Selwyn Don TITUS, Plaintiff-Appellant, v. MIAMI DADE COUNTY, Defendant-Appellee.
Plaintiff Selwyn Titus, proceeding pro se,1 appeals the district court’s grant of summary judgment in favor of Plaintiff’s employer, Miami-Dade County (“County”), in this civil action alleging employment discrimination and retaliation. Plaintiff asserts claims for violation of Title VII of the Civil Rights Act of 1964, 42 U.S.C. § 2000e-1 (“Title VII”), the Age Discrimination in Employment Act, 29 U.S.C. § 621 (“ADEA”), the Florida Civil Rights Act, Fla. Stat. §§ 760.01-760.11 (“FCRA”), the Family and Medical Leave Act, 29 U.S.C. § 2601 (“FMLA”), and the Florida Whistleblower’s Act, Fla. Stat. §§ 112.3187-112.31895. No reversible error has been shown; we affirm.
Plaintiff began working as a heavy equipment operator in the County’s Water and Sewer Department in 2001. In March 2011 and in October 2012, Plaintiff applied for three posted openings for a Pipefitter Supervisor position. The three supervisor positions were filled by applicants who Plaintiff contends had less experience than he did and who lacked the appropriate state license for the position.
After Plaintiff was denied the supervisor position in October 2012, Plaintiff complained verbally to the County’s Human Resources Department that he had been unlawfully discriminated against. In March and April 2013, Plaintiff also filed complaints of discrimination with the Equal Employment Opportunity Commission (“EEOC”), the County’s Office of Human Rights and Fair Employment Practices, and the County’s Commission on Ethics and Public Trust.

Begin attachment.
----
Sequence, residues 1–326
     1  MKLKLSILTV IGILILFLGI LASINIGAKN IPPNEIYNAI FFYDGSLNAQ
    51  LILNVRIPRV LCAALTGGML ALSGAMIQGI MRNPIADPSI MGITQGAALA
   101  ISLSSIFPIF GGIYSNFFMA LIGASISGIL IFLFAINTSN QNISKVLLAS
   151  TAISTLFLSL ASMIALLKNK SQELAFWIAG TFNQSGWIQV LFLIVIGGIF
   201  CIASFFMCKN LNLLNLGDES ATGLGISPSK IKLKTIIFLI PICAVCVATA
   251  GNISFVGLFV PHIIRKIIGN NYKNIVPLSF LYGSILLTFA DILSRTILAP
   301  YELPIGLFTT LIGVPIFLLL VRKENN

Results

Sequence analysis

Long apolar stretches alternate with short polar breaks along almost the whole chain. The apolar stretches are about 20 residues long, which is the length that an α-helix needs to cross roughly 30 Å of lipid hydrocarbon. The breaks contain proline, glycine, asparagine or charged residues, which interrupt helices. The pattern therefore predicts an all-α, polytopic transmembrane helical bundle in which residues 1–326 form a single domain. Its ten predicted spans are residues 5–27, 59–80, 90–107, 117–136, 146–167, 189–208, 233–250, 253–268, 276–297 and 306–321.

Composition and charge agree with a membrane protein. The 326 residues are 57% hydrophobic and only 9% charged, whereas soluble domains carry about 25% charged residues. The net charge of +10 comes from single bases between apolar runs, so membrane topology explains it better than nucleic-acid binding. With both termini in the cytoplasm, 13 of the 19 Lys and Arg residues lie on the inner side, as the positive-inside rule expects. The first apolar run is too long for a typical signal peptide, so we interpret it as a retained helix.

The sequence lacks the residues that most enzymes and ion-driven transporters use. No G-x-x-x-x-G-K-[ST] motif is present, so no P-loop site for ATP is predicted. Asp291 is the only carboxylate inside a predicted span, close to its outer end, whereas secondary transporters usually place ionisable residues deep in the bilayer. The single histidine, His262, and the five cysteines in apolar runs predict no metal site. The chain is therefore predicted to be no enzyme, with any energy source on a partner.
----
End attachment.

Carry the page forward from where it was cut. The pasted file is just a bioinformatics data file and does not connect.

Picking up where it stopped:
In Plaintiff’s complaint to the EEOC, Plaintiff identified himself as a 51-year-old, black, Trinidadian, Seventh-Day Adventist. Plaintiff said he sought to bring a lawsuit for discrimination and for retaliation under Title VII and the ADEA. Plaintiff alleged that the County’s failure to promote him was a result of unlawful discrimination on the basis of Plaintiff’s race, national origin, religion, and age. Plaintiff also said that he was given a negative performance review in retaliation for having filed a complaint of discrimination. On 31 March 2015, the EEOC issued Plaintiff a notice of right-to-sue.
On 19 June 2015, Plaintiff (through his then lawyer) filed his first civil action in the United States District Court for the Southern District of Florida (“Titus I”). Plaintiff alleged claims for discrimination and retaliation in violation of Title VII, the ADEA, the FCRA, and Florida’s Whistleblower Act. The district court dismissed without prejudice Plaintiff’s amended complaint in Titus I. Plaintiff raised no challenge to the district court’s order of dismissal either in the district court or by appealing to this Court.
On 17 September 2016, Plaintiff (through a lawyer) filed his second civil action: the complaint underlying this appeal. Briefly stated, Plaintiff alleges again that the County engaged in unlawful discrimination and retaliation in violation of Title VII, the ADEA, and the FCRA (Counts I through VI). Plaintiff also contends that the County violated the Florida Whistleblower’s Act by retaliating against him after Plaintiff reported the County’s licensure violations to the Department of Environment Protection (Count VII). Plaintiff also alleges that the County violated the FMLA by denying improperly Plaintiff’s leave requests in retaliation for Plaintiff’s having filed discrimination complaints (Count VIII).
The district court granted the County’s motion for summary judgment. The district court determined that Plaintiff’s claims under Title VII, the ADEA, the FCRA, and the FMLA were time-barred. The district court rejected Plaintiff’s contention -- pursuant to Fed. R. Civ. P. 15(c) -- that his complaint “related back” to his earlier lawsuit in Titus I. The district court also concluded that Plaintiff had failed to exhaust his administrative remedies under the Florida Whistleblower’s Act.